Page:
# Cant spot the pattern!

1. Nov 16, 2005

I am supposed to derive a conjecture for the series:

1^k + 2^k + 3^k +...+n^k

I know and have proved that the following are valid:

sum of n^1 = (1/2)(n^2 + n)

sum of n^2 = (1/6) (2n^3 + 3n^2 + n)

Sum of n^3 = (1/4)(n^4 +2n^3 + n^2)

sum of n^4 = (1/30) (6n^5 + 15n^4 + 10n^3 - n)

Anyone spot any patterns? I cant!

2. Nov 16, 2005

### benorin

You can use polynomial curve fitting (eqivalent to using Lagrange Interpolating Polynomials) to solve it:

Recall that there is precisely one polynomial of degree n that passes through n+1 distinct points. It's simple in concept, but the formula is somewhat ugly, where: Suppose you are given three points, say

$$\left( x_{1}, y_{1}\right) ,\mbox{ } \left( x_{2}, y_{2}\right) ,\mbox{ and } \left( x_{3}, y_{3}\right)$$

then the polynomial that interpolates (that is fits) those points is of degree 3-1=2, and will consist of three terms. It is

$$P(x) = y_{1}\frac{\left( x-x_{2}\right) \left( x-x_{3}\right) }{\left( x_{1}-x_{2}\right) \left( x_{1}-x_{3}\right)} + y_{2}\frac{\left( x-x_{1}\right) \left( x-x_{3}\right) }{\left( x_{2}-x_{1}\right) \left( x_{2}-x_{3}\right)} + y_{3}\frac{\left( x-x_{1}\right) \left( x-x_{2}\right) }{\left( x_{3}-x_{1}\right) \left( x_{3}-x_{2}\right)}$$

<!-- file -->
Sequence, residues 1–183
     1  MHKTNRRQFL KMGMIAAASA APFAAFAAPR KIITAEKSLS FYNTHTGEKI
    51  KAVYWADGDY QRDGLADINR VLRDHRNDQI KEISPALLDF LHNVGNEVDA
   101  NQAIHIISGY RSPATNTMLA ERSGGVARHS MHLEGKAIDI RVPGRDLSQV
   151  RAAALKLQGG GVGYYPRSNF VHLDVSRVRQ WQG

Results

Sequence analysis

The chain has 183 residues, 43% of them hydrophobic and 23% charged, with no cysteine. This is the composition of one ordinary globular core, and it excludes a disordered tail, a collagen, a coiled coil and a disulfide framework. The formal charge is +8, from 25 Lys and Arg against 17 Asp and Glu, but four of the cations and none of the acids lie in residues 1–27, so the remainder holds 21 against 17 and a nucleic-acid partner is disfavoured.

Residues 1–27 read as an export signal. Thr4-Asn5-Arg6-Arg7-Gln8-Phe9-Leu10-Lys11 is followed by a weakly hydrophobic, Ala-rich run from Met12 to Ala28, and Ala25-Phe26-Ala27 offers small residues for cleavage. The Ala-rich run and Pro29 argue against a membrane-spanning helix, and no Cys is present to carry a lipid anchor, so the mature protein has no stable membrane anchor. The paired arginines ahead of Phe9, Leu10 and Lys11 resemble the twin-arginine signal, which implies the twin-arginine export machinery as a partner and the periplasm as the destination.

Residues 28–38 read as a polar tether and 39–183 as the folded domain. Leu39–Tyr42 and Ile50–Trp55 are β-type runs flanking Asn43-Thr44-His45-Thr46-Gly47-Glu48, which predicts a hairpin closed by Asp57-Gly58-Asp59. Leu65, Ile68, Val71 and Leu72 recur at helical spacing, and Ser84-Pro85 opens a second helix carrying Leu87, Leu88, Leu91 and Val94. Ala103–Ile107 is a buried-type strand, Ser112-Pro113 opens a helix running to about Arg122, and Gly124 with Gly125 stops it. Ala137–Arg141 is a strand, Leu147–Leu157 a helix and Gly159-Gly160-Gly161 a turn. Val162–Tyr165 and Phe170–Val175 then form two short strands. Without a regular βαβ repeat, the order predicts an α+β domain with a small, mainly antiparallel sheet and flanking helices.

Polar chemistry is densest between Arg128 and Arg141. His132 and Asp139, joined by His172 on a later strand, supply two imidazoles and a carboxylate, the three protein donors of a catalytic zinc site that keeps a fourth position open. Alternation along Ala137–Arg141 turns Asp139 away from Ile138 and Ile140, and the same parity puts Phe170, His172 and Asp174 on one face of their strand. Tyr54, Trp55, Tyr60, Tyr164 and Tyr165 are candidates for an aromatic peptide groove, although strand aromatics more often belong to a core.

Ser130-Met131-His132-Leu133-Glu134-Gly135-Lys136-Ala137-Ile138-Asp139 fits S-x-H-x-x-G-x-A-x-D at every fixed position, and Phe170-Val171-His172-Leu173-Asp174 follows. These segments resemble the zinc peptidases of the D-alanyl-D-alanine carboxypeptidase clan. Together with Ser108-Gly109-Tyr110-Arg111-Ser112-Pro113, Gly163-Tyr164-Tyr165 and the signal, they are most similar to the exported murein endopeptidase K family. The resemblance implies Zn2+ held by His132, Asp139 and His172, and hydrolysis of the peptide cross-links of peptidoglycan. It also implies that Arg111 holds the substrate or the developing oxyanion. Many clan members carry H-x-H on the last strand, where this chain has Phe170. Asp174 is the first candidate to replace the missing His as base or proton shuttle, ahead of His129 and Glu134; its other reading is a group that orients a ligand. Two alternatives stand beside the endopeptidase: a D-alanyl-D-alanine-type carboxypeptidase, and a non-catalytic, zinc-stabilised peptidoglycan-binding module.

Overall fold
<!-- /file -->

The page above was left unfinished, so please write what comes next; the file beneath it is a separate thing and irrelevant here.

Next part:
since we wanted it to have the value $$y_{1}$$ at $$x_{1}$$, the first term does this and it is zero at $$x_{2}\mbox{ and } x_{3}$$ (this is the numerator) and the denominator ensures that at $$x_{1}$$ the numerator terms are corrected for so that it is still $$y_{1}$$ there. The other terms likewise.

To sum the k-th powers of the first n integers first note that the sum is a polynomial in n of degree k+1 (you have proved this for k=1,...,5 already), which can thus be completely specified by k+2 points, say the first k+2 points. Then find the polynomial in terms of n for (each k) by polynomial curve fitting as such:

$$\sum_{i=1}^{n} i^{k}=\sum_{i=1}^{k+2}\left(\sum_{m=1}^{i} m^{k} \prod_{j=1}^{k+2} \frac{n-j}{i-j} \right)$$

where the terms in the product corresponding to j=i are omitted.

The $$\sum_{m=1}^{i} m^{k}$$ for i=1,..., k+2 terms are the $$y_{i}\mbox{'s}$$ , the "the first k+2 points" mentioned above.

I hope this was clear enough for you to follow. There's also a way using the Bernoulli numbers, I wasn't fond of it though.

-Ben

3. Nov 16, 2005

### benorin

4. Nov 16, 2005

Thank you, but isnt there some simpler way of doing this? Lagrange theorem and bernoulli numbers are not in our high school syllabus

I looked around mathworld and found that the Faulhabers formula is the correct generalization for the series?

5. Nov 16, 2005

### CarlB

Hmm. Let f(k) be the required sum. Then

$$f'(k) = kf(k-1)$$.

Now f(0) = 0 and f(1) = n. Does this help? Maybe you should write out some actual numbers and look for patterns.

Carl

6. Nov 16, 2005

### shmoe

Yes.

Given that this is a high school problem, you might consider going for a weaker conjecture than trying to guess (or look up) an explicit formula for all values of k. What can you say about the formulas you've found so far? What kind of functions are they?